Atonement and Forgiveness: A New Model for Black Reparations

By Roy L. Brooks | Go to book overview

Chapter 2
HARMS TO SLAVES AND FREE BLACKS

Although the use of human beings as domesticated animals reaches back to ancient Mesopotamia, 1 the Atlantic slave trade was not slavery as usual. Initiated by the Portuguese in the fifteenth century, the Atlantic slave trade was a new form of slavery—far more diabolical than that which existed since ancient times, and far more appalling than the intertribal slavery that existed in Africa prior to the European influence. Slavery in the Americas introduced the troubling element of race into the master/slave relationship. For the first time in history, dark skin became the social marker of chattel slavery. And, as a means of justifying this new face—a black face—given to an ancient practice, the slavers and their supporters created a race-specific ideology of condemnation. As I discuss in greater detail in chapter 6, this false rhetoric not only erased the interchangeability of slave and master—the real possibility that a captive might be transformed into kin through marriage or adoption or even become his master's master—from the realm of cultural and political possibility; it also outlasted slavery itself.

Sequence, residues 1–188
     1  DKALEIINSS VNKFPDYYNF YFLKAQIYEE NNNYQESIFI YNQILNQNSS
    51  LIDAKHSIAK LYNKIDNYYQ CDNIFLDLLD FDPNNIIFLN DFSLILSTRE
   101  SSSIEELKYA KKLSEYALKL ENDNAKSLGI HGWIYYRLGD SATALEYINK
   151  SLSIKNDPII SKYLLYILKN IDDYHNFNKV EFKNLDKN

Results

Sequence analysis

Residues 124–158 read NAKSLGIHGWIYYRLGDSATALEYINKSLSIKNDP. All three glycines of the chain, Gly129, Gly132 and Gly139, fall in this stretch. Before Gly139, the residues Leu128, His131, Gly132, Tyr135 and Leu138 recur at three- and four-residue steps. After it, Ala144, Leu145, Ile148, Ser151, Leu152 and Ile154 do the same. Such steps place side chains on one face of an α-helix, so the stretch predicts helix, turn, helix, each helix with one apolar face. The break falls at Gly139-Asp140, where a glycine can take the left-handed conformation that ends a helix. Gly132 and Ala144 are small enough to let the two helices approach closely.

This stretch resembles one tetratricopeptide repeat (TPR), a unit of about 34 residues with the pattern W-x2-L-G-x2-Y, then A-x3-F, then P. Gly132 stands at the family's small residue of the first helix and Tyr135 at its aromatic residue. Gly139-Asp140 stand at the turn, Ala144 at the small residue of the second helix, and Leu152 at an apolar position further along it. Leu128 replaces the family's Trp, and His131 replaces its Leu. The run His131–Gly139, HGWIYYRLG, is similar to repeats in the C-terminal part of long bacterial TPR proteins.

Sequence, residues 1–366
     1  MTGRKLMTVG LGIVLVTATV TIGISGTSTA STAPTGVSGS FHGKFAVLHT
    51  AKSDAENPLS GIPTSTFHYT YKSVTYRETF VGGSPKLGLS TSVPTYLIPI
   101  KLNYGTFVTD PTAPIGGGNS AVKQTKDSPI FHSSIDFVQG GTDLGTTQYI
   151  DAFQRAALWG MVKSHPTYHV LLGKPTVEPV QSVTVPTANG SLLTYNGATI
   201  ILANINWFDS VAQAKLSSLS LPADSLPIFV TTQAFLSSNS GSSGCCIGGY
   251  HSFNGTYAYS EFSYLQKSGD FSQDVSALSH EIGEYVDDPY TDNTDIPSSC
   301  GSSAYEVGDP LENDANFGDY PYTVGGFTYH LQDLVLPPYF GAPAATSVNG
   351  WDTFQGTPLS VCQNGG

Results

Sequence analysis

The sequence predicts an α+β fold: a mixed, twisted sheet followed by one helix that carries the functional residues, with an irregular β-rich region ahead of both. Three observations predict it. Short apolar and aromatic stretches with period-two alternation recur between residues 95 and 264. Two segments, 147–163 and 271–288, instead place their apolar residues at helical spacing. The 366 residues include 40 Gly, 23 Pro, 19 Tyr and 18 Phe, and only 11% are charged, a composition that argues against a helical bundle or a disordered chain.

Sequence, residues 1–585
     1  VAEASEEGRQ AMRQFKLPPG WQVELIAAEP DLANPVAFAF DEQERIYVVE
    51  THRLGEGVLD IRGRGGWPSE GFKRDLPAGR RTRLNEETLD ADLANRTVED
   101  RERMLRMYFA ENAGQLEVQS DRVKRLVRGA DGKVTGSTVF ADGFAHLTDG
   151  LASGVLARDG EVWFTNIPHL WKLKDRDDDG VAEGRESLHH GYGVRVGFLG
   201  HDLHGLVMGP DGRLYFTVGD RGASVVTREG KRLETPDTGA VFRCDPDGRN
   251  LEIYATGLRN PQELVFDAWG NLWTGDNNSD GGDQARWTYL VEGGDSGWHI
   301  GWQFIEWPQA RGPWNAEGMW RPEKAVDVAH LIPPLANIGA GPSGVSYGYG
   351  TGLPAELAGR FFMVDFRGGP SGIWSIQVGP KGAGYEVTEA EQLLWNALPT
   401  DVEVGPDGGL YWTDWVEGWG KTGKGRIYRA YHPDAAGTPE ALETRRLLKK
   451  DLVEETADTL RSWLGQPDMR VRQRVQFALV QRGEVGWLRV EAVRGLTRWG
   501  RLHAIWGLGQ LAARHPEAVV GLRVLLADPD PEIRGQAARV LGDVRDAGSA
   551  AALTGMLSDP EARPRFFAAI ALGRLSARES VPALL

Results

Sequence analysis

The status of the twenty blacks who were put ashore at Jamestown, Virginia, in 1619 by the captain of a Dutch frigate was unclear. Most were indentured servants and were listed as such in the census counts of 1623 and 1624. After their period of service had expired, they were “assigned

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Atonement and Forgiveness: A New Model for Black Reparations
Table of contents

Table of contents

  • Title Page *
  • Contents *
  • Preface ix
  • Chapter 1 - The Purpose and History of the Black Redress Movement 1
  • Chapter 2 - Harms to Slaves and Free Blacks 20
  • Chapter 3 - Harms to Descendants 36
  • Chapter 4 - The Tort Model 98
  • Chapter 5 - The Atonement Model 141
  • Chapter 6 - Opposing Arguments 180
  • Epilogue 207
  • Appendix 1 - Selected List of Other Atrocities 213
  • Appendix 2 - Summary of the Negotiations That Led to Germany's Foundation Law 218
  • Notes 221
  • Selected Bibliography 273
  • Cases 299
  • Statutes 303
  • Index 307
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